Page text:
Having been drafted in the fifth round of the 2012 NFL Draft, after four productive seasons for the Panthers Norman’s rookie contract was up, placing him in the unfavorable situation of needing to negotiate for a new contract with a general manager (Dave Gettleman) that was not even with the team when the decision to draft Norman had been made.
When negotiations between Gettleman and Norman’s agent started to seem increasingly unlikely to end in a new contract that was mutually satisfactory for both parties involved, the Panthers’ GM designated Norman under the franchise tag before the beginning of free agency, ostensibly to buy himself more time and to keep Norman from hitting the free agency market.
However, in a stunning move, Gettleman then rescinded the franchise tag, essentially cutting all ties to Norman and sending him out the door as a free agent. Apparently, the star cornerback was so surprised when he heard the news that he reportedly pulled his car over to the side of the road while driving and immediately started making phone calls to make sure there wasn’t some mistake.
But there was no mistake: The Panthers’ GM had allowed the Panthers’ two best corners to get away, and to compensate had done little more than sign a practice squad corner in free agency who would later be released and, seemingly in a panic, draft three cornerbacks back-to-back-to-back in the 2016 NFL Draft, in the 2nd, 3rd, and 5th rounds.
Given this context about just how light the Carolina Panthers were on the back end of the defense, it came as little surprise to observant fans when the team started off the season 1–5.
The team had averaged only 323 yards allowed per game the prior season, (ranking them at 6th-best in the league), and in the opening three games they averaged only 273 yards, making fans think that it was a return to form.
Despite going 1–2 to open the year, fans had hope that the team had what it takes to bounce back, especially considering that the Panthers had managed to end these three games at +6 in point differential despite being down -2 in turnover differential. In addition, their season opener against the Denver Broncos – the Super Bowl rematch of the prior year – had been lost in the final seconds with a missed 50-yard field goal, which easily could have gone the other way.
Fans believed that if they could simply tighten things up on offense and lock things down on defense, they could easily turn it around.
However, over the subsequent three games leading into the bye week, things truly fell apart.
The Panthers played each of their three division opponents back-to-back-to-back, with two of those games (against the Falcons in Week 4 and the Saints in Week 6) being played on the road. Each of these three games would end in a loss, and there’s nothing quite so demoralizing as being soundly beaten by each team in your division.
The Carolina defense was torched in both road games, especially, giving up over 520 yards and over 40 points to both Matt Ryan and Drew Brees. The team created only two takeaways in these three games, while turning the ball over eight times. It was becoming abundantly clear that while the loss of the team’s two star cornerbacks was not the only reason for the Panthers’ disastrous start to the season, it was certainly one of the most important reasons.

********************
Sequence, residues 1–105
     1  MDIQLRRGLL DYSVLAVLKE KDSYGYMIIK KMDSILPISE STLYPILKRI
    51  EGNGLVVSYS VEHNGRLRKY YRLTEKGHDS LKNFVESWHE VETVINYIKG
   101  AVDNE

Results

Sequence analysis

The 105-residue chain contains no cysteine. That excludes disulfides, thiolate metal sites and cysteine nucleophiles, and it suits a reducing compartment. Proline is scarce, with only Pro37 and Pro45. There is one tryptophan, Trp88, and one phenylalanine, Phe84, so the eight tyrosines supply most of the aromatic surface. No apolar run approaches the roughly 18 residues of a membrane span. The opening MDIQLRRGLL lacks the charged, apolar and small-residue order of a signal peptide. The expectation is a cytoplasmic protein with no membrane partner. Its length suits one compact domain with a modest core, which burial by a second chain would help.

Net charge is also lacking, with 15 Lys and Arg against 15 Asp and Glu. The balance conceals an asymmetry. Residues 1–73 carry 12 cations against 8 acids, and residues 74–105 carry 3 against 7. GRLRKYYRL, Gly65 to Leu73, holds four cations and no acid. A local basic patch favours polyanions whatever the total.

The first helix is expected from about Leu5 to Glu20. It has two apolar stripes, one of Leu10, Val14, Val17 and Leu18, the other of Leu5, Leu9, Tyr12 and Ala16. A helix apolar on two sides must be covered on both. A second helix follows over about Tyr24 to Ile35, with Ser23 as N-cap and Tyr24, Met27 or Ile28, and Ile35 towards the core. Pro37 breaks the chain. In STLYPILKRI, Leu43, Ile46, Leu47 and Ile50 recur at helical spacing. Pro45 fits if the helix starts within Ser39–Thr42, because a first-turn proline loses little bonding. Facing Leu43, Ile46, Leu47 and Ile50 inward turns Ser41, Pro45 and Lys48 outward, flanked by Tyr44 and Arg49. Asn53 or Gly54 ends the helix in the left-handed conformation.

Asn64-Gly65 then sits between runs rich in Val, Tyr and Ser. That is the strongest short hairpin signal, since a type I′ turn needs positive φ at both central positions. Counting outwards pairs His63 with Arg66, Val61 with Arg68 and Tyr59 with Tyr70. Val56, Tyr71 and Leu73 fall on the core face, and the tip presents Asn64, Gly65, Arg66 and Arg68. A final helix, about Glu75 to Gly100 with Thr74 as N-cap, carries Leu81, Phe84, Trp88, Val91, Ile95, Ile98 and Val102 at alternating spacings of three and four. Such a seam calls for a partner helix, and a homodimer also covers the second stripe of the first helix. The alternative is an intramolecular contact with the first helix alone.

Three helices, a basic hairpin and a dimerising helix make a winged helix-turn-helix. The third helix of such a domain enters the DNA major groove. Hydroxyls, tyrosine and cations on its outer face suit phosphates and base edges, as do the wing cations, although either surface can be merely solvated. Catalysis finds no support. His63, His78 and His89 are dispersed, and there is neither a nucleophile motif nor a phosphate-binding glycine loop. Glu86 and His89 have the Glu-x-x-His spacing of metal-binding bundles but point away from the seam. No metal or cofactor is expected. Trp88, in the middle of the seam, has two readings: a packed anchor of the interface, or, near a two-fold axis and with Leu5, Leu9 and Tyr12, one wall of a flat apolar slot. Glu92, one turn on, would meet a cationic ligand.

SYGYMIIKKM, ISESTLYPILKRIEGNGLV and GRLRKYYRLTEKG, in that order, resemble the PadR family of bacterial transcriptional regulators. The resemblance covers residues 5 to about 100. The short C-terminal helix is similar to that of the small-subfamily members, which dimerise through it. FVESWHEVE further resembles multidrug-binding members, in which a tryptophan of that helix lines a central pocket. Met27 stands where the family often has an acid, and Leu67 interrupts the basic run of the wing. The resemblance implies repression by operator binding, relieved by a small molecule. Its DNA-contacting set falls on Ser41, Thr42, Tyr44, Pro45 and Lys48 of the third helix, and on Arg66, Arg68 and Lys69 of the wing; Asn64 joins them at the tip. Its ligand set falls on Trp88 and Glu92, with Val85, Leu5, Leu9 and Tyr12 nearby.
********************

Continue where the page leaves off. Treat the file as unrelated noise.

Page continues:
After such an astonishingly bad start to the season, Ron Rivera told his team heading into their Week 7 bye week to simply “get away from” football, and to take both a mental and a physical rest from the game after such a disheartening and disappointing six-game start.
The Panthers came back from the bye week looking to address the primary deficiencies that the team had demonstrated over the first six games of the season: the allowance of big plays on the defensive side of the ball, and slow starts on offense.
In a true demonstration of mental toughness, the team was able to bounce back from their difficult start and played a complete game against the Arizona Cardinals, starting off the first quarter with a 14–0 lead and ending the game with a 30–20 victory – a dominant performance.
After allowing an average of 470 yards per game in the prior three contests, the Panthers gave up only 340 yards in this Week 8 rematch of the prior year’s NFC Championship game against the Arizona Cardinals. And the success would continue in the subsequent three weeks, in which the Panthers won two out of three games and averaged only 23.3 points allowed and 326.5 yards per game.
In each of these four games, the Panthers managed to score first, addressing their difficulty in starting fast in the beginning portion of the year, and in the opening three games of this four-game stretch the team managed to go into halftime with the lead.
In addition, it’s important to note that the Panthers did not point fingers at each other during this stretch, another indication of mental toughness. Instead of developing an “us against us” mentality, as so many teams do when facing adversity, the Panthers managed to assume an “us against them” posture, in part because players started to rally behind the cause of Cam Newton’s safety in the backfield.
To provide some context, Cam Newton had been sacked 15 times in the opening six games of the season. He was sacked 8 times in the Week 3 game against the Minnesota Vikings alone, and left the subsequent game against Atlanta with a concussion that would hold him out of the Week 5 matchup against the Tampa Bay Buccaneers.
Ultimately, Newton would end the season with one out of every 15 dropbacks resulting in a sack.
Feeling persecuted by the officiating, Newton finally voiced his frustrations in his postgame press conference following the Week 9 game against the Arizona Cardinals. The reigning NFL MVP would end up having a phone call with commissioner Roger Goodell concerning whether or not the multi-threat quarterback was receiving equal treatment from league officials when compared to other quarterbacks.